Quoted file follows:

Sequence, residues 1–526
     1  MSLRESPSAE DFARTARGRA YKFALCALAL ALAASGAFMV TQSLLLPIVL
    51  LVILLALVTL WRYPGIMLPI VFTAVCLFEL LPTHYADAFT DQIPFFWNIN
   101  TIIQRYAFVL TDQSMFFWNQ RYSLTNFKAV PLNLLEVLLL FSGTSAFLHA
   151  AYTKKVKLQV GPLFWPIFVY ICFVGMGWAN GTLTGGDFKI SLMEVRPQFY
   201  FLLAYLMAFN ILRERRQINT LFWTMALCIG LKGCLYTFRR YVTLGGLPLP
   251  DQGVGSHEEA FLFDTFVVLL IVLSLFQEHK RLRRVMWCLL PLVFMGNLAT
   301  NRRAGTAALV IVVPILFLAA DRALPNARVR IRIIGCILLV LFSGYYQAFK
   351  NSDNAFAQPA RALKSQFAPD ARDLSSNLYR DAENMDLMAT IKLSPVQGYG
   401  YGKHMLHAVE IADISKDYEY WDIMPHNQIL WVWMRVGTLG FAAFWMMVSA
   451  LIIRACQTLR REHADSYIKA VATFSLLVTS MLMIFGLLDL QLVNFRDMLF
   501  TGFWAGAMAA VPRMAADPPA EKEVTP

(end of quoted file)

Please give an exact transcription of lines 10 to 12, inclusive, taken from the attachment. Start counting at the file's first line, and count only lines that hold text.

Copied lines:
   401  YGKHMLHAVE IADISKDYEY WDIMPHNQIL WVWMRVGTLG FAAFWMMVSA
   451  LIIRACQTLR REHADSYIKA VATFSLLVTS MLMIFGLLDL QLVNFRDMLF
   501  TGFWAGAMAA VPRMAADPPA EKEVTP